However the vehemence of the language and feeling expressed over something which, despite it flaws, stems from compassion and sympathy is disturbing.

    Again, you seem to be arguing from a separate planet. Stems from compassion and sympathy? You think Jacques Chirac, Gerhardt Schroeder, the EU commissioners and the rest of those who serve that vast structure shed a tear because 120,000 people died in a natural disaster in south Asia?

    Don’t you understand that this is an attempt to nationalise grief? Grief by fiat! No need to go to church or synagogue to hear comforting words from priests, ministers and rabbis! The faceless EU has attended to your grief for you! You refrained from picking something off the shelf in Tesco for three minutes. You’ve done your bit!

    Again, the proper place to remember these unfortunate victims is in their own communities and workplaces, where they were known and liked or disliked as human beings, not statistics. Or attend a church or synagoge to listen to what the priest, minister or rabbi had to say.

    Frankly, I hear an echo of jackboots in this uberstate sponsored “grief”.

  • Ravi

    Verity, you seem to be changing your point mid-rant.

    Victims, by their nature, have done nothing to be commemorated for.

    But victims of the holocaust should be commemorated? Why? Targetted or not, they were just in the wrong place at the wrong time. The proper place to remember these unfortunate victims is in their own communities. Or at least it would be if their communities weren’t all dead. So, may as well forget them, eh?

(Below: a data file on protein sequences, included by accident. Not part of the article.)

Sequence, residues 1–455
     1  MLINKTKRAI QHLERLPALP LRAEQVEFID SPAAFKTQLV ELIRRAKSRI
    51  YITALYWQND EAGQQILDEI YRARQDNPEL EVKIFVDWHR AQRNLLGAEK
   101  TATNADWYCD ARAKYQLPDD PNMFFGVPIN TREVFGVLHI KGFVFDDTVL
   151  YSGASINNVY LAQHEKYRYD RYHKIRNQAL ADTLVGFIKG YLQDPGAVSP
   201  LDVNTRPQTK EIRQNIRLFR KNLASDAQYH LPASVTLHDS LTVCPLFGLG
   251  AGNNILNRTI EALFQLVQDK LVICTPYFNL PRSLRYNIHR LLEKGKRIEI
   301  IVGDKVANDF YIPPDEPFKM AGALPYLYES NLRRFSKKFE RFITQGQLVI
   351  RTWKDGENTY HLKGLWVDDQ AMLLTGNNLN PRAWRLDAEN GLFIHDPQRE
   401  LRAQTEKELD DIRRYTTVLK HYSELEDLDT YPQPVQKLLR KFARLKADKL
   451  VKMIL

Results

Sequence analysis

There are many people in the UK, myself included, who have friends and relatives living in Sri Lanka and India. Is it really so outrageous for the country to come together to pay its respects to the victims of this tragedy?

  • GCooper

    Ravi writes:

    “Is it really so outrageous for the country to come together to pay its respects to the victims of this tragedy?”

    As it was I who initially raised objections to the inflationary nature of state-sponsored grief, perhaps Verity will forgive my responding directly to your point.

    Personally, I don’t give a tinker’s cuss if you and the rest of the planet wish to observe a ten week silence, in true Bill Clinton fashion, to share the pain. That is your choice.

    I do however care about being instructed or advised by some bunch of political opportunists to do so and I do consider it patently absurd that the single minute deemed sufficient tribute to those who fell in the Great War has been inflated, for no reason at all, to three minutes.